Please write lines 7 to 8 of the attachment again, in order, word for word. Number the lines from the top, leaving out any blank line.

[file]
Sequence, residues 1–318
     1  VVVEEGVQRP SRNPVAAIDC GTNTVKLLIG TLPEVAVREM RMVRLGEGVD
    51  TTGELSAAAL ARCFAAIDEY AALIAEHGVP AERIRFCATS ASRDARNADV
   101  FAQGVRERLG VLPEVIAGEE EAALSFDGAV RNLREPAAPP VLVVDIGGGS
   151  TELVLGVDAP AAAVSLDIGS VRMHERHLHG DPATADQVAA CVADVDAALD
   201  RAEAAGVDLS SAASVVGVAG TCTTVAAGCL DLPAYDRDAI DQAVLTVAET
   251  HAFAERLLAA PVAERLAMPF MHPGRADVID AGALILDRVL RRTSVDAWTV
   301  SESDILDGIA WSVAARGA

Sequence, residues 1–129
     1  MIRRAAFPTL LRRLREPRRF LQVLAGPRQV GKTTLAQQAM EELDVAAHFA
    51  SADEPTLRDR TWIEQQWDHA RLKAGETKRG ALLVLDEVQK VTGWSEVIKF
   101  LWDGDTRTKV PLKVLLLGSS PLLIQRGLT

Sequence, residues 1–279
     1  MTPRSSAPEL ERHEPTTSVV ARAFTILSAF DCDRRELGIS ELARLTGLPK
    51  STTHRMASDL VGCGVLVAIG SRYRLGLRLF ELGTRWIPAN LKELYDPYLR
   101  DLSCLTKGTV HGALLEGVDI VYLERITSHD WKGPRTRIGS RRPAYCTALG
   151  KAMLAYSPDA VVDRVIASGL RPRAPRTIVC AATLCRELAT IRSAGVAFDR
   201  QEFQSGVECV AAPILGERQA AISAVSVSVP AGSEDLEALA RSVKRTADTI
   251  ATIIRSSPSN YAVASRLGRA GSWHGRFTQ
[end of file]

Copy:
   251  HAFAERLLAA PVAERLAMPF MHPGRADVID AGALILDRVL RRTSVDAWTV
   301  SESDILDGIA WSVAARGA